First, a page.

> predict gravitational interaction will not suddenly prove  
> unreliable. They are here, and they always will be. Anyone who  
> comes forward and says that they have an alternative theory of  
> gravity and that it contradicts the current equations, is wrong. We  
> can say that a priori.

Sorry but we can't say that 'a priori'. 'a priori' means that  
something is true independent of our experience. All scientific  
knowledge is 'a posteriori' since it is built on the experience of  
our observations. You can't assert that it is wrong a priori for  
someone to claim to have discovered something that contradicts  
something we believe a posteriori.

> You are correct that Einstein's General Relativity adds further  
> refinement to Newtonian physics, but that's why I said the bit  
> about gravity a human will encounter. I doubt a human will ever  
> experience the difference between the result predicted by Newton's  
> equations and those predicted by Relativity. The differences are  
> absolutely minuscule. It would similar to saying someone "upset"  
> the current paradigm in the APD by discovering that 30 mg/L CO2 is  
> not a good target, but 30.0000002 mg/L is better instead.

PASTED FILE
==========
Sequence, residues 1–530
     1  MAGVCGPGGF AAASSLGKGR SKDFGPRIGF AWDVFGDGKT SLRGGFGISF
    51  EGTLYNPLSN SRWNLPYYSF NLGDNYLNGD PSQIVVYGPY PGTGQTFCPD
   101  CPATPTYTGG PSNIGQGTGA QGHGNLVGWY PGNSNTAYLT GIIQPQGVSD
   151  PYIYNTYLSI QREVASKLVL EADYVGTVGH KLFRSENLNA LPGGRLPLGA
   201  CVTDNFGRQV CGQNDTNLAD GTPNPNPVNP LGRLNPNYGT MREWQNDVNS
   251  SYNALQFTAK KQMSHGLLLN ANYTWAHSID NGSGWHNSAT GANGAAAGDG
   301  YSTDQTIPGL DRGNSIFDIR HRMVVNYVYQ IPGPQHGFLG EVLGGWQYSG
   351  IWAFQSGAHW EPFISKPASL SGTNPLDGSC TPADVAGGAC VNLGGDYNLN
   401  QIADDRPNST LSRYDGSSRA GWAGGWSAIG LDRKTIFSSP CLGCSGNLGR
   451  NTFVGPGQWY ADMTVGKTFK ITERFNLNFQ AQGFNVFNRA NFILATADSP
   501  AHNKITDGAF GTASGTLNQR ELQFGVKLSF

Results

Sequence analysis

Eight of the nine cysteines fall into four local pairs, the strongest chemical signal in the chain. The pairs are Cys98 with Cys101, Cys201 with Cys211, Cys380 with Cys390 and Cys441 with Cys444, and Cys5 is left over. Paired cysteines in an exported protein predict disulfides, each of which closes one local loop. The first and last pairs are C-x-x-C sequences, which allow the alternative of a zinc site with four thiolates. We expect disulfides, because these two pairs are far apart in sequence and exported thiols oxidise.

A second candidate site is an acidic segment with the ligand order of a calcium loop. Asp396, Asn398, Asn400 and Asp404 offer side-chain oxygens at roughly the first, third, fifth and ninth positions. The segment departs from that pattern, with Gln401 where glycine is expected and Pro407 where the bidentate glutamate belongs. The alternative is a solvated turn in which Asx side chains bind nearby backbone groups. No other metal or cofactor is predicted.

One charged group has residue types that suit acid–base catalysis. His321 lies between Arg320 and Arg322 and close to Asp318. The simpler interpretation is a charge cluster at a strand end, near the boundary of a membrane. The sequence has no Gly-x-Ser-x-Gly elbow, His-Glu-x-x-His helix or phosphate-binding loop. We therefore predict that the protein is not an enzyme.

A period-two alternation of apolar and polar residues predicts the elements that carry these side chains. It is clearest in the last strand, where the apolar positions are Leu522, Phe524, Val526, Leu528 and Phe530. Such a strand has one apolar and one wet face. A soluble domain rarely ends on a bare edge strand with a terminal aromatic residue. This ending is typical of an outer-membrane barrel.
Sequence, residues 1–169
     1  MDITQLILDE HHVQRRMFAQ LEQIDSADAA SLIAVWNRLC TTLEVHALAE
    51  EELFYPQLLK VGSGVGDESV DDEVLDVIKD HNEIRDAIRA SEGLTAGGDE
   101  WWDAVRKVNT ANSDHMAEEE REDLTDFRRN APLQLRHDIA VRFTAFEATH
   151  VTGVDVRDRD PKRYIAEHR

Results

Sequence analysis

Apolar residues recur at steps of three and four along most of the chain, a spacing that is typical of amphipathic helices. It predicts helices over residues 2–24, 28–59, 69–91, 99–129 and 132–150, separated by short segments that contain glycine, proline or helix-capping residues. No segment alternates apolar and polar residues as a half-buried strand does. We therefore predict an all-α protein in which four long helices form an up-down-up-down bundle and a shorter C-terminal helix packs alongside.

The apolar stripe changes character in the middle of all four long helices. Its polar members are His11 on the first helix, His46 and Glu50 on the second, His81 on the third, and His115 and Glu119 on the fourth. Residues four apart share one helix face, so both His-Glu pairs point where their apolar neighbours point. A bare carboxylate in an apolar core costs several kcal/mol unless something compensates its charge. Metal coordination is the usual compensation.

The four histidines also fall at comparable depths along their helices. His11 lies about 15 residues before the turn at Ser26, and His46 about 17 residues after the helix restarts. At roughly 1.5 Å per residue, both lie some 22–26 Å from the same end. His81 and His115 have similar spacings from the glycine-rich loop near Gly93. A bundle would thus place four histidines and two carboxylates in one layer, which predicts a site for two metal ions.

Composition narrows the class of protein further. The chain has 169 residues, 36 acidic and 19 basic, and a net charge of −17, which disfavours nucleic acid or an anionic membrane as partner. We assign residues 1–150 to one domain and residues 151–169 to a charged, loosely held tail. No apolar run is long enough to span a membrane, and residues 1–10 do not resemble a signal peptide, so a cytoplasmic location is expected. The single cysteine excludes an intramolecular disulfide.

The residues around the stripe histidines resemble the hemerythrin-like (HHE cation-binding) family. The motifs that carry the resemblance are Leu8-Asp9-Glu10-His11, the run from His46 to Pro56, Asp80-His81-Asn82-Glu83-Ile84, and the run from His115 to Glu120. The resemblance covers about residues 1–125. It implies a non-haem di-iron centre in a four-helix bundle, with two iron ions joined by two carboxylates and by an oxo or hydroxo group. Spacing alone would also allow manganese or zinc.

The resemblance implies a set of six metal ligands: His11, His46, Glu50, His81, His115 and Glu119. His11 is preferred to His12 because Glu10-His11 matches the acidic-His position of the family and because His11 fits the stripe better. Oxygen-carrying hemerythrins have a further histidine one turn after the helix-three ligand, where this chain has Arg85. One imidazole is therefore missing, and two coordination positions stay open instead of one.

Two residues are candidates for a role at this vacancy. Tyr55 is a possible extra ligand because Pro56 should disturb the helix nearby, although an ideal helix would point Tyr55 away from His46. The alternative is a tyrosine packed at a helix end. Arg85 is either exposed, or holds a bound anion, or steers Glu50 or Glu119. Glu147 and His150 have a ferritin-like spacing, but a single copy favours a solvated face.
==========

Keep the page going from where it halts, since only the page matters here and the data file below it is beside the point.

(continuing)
Miniscule differences in the results of a calculation are neither  
negligible nor irrelevant scientifically. Asserting that a difference  
of 0.0000002 mg/L in CO2 concentrations is a better target is  
ridiculous because no hobbyist could measure things that finely and  
because that difference in the small volumes of our tanks really  
would not make a difference. But no one has argued that such a  
difference would be better - you're putting words in other people's  
mouths there.

>   We can
>> always rely on the universe to do what it will do. We can't rely  
>> on  our knowledge to guarantee that we will always describe that   
>> behaviour completely and accurately, and get our predictions  
>> right  all the time. We can and do get better at those things but  
>> we  certainly aren't perfect yet.
> It is true that we cannot ever rely on the entire body of our  
> knowledge to be whole and complete, as well as 100% accurate. We  
> can count on some aspects being whole and complete, and 100%  
> accurate. What we already know, and what has been demonstrated ad  
> naseum in countless experiments, is not going to change. I am not  
> aware of any physical "law" that was backed up by countless  
> observation and testing that was later proven wholly incorrect. I  
> am aware of many speculative theories that were proven wrong, but  
> that is a different matter.

For a start we can't count on any aspect of our knowledge as being  
whole, complete, and 100% accurate. That would mean that that aspect